First things first, let’s get this out of the way — college athletics is big business.
Sure, the phrase “student athlete” sounds great, but for college basketball, and especially college football, the bottom line is as big of a factor as anything happening on the hardwood.
During the 2013 March Madness tournament – where Louisville managed its way through the field to beat Michigan in a memorable championship game – advertisers spent more than $1.0 billion on advertising, according to Kantar Media. That total topped even the super bowl, which logged-in at a mere $976.3 million.
This exchange of cash is why CBS and Turner Broadcasting shelled out more than $740 million for rights to cover the games; it’s why ESPN invested $5.64 billion over 12 years to broadcast the coming college football playoffs; and it’s why the Pac-12 Network came to a $3.0 billion deal with Fox and ESPN in 2012.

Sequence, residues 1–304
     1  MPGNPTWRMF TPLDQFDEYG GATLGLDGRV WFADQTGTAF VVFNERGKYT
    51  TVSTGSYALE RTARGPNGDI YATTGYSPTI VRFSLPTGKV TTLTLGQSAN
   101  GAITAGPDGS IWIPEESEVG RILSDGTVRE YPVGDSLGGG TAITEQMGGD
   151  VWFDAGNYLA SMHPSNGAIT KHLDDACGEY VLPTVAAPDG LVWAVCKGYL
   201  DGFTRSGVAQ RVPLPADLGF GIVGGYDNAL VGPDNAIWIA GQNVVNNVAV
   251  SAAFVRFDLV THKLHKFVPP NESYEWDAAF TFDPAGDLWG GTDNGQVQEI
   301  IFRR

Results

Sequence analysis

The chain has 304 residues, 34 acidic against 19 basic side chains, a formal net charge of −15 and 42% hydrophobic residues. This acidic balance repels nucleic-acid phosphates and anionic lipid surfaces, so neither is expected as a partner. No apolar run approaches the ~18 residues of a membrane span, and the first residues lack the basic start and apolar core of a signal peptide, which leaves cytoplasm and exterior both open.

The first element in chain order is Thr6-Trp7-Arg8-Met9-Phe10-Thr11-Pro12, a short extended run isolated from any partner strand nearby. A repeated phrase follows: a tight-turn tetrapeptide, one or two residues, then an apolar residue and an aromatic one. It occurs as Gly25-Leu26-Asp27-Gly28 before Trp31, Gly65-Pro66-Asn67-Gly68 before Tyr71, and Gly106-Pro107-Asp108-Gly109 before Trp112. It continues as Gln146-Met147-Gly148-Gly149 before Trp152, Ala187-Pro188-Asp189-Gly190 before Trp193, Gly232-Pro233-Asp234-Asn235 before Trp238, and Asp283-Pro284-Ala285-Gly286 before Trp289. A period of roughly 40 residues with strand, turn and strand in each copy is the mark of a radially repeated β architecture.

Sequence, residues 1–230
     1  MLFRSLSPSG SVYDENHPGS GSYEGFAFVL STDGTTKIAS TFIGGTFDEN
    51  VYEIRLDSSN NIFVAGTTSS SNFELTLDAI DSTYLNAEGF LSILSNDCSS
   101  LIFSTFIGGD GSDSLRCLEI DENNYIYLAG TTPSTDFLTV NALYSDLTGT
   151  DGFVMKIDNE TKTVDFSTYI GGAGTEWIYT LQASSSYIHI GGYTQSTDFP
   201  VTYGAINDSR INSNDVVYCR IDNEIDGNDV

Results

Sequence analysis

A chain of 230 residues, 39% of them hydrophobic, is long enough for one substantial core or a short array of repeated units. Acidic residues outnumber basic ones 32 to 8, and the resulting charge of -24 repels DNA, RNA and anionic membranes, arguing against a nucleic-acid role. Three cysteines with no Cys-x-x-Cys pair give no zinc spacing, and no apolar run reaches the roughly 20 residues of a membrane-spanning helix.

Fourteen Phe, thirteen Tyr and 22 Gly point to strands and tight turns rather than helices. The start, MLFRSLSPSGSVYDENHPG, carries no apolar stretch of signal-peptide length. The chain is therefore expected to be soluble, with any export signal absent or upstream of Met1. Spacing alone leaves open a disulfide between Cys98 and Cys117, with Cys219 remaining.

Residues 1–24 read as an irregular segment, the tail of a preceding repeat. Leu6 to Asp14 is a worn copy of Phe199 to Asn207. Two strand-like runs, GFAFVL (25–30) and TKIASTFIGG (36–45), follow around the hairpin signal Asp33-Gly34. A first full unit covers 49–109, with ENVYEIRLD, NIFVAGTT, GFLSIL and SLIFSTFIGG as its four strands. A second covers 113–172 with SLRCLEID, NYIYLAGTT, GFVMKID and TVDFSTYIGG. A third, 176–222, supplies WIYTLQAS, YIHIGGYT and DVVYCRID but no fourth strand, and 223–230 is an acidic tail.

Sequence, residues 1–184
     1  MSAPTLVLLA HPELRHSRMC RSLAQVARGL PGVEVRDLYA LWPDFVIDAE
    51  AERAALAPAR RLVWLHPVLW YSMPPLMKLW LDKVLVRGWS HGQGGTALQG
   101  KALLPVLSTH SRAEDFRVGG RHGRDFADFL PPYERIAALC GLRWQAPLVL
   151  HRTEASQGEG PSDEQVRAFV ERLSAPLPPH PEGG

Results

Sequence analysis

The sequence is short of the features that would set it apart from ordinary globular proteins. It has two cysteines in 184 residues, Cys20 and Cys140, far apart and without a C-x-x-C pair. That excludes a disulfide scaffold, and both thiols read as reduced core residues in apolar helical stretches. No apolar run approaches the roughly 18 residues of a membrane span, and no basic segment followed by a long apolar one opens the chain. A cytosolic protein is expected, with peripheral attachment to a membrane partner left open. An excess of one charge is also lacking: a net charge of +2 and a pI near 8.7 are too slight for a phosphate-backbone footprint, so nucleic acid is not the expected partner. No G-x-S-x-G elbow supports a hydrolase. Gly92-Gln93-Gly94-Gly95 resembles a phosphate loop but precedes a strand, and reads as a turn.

The money is there in college athletics. And, it’s why every year Ryan Brewer, an assistant professor of finance at Indiana University-Purdue University Columbus, comes out with a list every basketball and football season ranking the value of big time programs if they were bought and sold like professional franchises.
“If you want to do good, solid decision-making, thinking about a university like a business is the [right] idea,” Brewer said.
While not every basketball program is profitable, and in those cases a business decision must be made to see if it’s worth spending money there versus academics, Brewer said that schools that spend around $70 or $80 million typically hit a “magic spot” and brings in a positive cash flow.
So for universities like Louisville or Arizona, it’s not a worry about losing money. It’s about how much can they make.